Friday, August 3, 2007

accanto/next to

A few days before the beginning of August, the cicadas pick up their song. The sound hails the true essence of summer for us: heat, haze, ripe berry fruit, the Herculean effort to keep up with what grows in the garden, the lazy urge to take a nap in the afternoon in the shade. Our lazy urge is tempered by Caleb's arrival home with the fruits of our latest endeavor.

Caleb had gone to a metal fabricator with whom we have long worked. Melanson's is on the edge of the industrial section of Rutland and we have had a variety of pieces made there, all of our own design: the bar top for the restaurant, kitchen counter tops, a dish draining system for the kitchen at work. This new project was a new kind of piece for us: two bedside tables. We've been re-designing our bedroom and after we found the bed in Montreal, the lamps at Crate and Barrel, the mirror from a designer in San Francisco, Kenneth Wingard, we went on the hunt for the bedside tables. After looking at several catalogs and in several shops and on-line, we opted to design our own. The inspiration is versatility, and in the end we want the table to be able to work a variety of ways. With this design a desire that had been brewing for some time comes more fully into focus: our hope to take a stab at launching a furniture line and design studio--an effort that we see dovetailing organically with our work at the restaurant.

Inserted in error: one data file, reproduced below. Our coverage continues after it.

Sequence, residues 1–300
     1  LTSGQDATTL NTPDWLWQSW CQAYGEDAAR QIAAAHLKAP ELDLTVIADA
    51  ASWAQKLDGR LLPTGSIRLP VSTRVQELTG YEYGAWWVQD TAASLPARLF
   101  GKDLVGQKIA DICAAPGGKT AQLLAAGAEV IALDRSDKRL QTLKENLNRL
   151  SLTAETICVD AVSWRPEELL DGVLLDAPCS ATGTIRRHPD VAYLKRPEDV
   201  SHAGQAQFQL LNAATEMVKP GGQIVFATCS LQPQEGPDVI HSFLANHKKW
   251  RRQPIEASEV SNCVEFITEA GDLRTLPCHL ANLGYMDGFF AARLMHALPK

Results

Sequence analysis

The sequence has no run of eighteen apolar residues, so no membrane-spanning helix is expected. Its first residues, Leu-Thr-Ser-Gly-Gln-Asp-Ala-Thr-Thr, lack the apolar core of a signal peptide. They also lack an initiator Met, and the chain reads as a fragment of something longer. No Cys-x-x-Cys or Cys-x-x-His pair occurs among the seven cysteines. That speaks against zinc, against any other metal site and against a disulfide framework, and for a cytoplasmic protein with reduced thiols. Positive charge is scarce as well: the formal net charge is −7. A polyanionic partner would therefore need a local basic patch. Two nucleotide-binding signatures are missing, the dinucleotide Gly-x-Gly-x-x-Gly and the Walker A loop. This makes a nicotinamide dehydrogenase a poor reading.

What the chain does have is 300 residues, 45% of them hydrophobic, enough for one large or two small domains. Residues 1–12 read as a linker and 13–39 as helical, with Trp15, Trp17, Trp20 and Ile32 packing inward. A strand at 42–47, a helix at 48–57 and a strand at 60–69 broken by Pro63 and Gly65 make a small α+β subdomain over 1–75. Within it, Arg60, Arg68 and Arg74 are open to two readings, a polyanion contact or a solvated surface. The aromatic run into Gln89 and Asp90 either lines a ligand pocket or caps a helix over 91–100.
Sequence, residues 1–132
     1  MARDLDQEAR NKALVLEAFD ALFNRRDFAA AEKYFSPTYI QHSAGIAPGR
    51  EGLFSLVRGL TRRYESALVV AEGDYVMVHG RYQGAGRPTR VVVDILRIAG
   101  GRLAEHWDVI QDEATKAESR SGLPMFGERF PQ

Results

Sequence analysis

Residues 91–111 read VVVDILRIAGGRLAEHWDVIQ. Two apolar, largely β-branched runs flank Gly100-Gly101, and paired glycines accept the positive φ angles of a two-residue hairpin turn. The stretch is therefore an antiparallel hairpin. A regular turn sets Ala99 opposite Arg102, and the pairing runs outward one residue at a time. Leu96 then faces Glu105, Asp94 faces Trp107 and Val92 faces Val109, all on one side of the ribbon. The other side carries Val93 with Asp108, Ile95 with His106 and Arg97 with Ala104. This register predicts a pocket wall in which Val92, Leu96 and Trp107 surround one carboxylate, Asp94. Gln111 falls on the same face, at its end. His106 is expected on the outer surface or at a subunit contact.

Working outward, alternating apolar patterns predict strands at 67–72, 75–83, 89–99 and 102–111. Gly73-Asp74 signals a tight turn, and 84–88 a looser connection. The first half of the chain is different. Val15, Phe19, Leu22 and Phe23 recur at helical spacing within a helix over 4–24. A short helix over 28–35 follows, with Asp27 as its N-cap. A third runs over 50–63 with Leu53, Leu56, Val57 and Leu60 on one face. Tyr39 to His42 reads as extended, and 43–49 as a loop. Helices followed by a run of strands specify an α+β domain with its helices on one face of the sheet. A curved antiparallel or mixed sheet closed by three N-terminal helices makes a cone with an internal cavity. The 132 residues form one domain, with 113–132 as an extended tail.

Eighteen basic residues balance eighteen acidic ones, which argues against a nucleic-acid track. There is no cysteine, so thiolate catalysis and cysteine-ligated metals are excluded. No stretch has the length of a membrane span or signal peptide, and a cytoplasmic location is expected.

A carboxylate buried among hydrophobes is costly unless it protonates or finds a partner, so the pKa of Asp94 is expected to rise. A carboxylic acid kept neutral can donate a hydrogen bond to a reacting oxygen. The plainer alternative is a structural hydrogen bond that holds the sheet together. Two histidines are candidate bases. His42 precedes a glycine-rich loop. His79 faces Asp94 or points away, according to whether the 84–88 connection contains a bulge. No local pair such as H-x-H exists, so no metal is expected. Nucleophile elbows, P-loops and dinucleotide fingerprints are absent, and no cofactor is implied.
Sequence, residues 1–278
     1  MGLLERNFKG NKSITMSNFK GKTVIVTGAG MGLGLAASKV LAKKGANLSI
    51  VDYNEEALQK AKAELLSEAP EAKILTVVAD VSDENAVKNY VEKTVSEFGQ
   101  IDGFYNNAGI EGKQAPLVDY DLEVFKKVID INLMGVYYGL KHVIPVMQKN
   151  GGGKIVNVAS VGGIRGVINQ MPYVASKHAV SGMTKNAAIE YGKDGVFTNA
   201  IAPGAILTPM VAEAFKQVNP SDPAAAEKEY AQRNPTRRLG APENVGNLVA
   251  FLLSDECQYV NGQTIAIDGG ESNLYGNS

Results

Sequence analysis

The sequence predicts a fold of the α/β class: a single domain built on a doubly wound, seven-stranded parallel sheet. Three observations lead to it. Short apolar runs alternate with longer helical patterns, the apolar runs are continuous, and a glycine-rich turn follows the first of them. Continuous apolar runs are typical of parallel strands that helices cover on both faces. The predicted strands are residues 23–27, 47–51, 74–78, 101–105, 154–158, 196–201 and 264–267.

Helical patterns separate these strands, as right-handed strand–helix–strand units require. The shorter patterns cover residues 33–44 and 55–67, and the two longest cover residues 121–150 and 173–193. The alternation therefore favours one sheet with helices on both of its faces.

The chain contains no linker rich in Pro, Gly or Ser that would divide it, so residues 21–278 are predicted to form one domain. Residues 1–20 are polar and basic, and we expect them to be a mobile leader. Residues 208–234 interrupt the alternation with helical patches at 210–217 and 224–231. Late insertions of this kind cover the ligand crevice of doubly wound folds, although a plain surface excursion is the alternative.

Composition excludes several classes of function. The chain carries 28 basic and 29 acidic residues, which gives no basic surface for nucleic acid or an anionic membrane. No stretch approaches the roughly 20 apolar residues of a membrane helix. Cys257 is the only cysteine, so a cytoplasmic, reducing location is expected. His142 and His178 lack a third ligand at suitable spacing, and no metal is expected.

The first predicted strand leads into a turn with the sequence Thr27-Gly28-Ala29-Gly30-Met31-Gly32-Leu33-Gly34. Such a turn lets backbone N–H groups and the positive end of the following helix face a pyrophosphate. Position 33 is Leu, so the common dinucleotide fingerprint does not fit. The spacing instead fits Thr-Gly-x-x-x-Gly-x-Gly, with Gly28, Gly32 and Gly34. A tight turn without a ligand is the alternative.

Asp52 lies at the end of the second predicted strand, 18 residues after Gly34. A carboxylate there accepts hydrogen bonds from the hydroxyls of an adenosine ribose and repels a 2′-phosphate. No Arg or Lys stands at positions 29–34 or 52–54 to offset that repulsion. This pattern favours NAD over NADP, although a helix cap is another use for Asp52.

Only the frames for the tables were made in Rutland. We opted not to have the chrome finish for the prototype. We pull them out of Caleb's car in all their metallic glory and immediately get to work on the table tops. With straight edges, and speed square, and table saw, the plywood core is cut to size, then we set to covering them with a faux ostrich skin that we found in Montreal and with which we upholstered the banquette at the restaurant. We discuss, and perhaps argue, about the best way to adhere the the tops to the frames: pins, no-slip pads, nothing at all. Collaboration is not always a snap.

But we've been collaborating a long time. The way forward is to experiment. We think of different materials for tabletops like wood, glass, opaque plexi. Then of course, there is the name. Caleb seizes on accanto uno, or "next to, one" in Italian. I add "no.1" so it becomes accanto no. 1. The name may change, the table may change, but for now, on a hot summer night with windows thrown open wide, we are just pleased to see them in their steel frames and upholstered tops nestled next to our bed.

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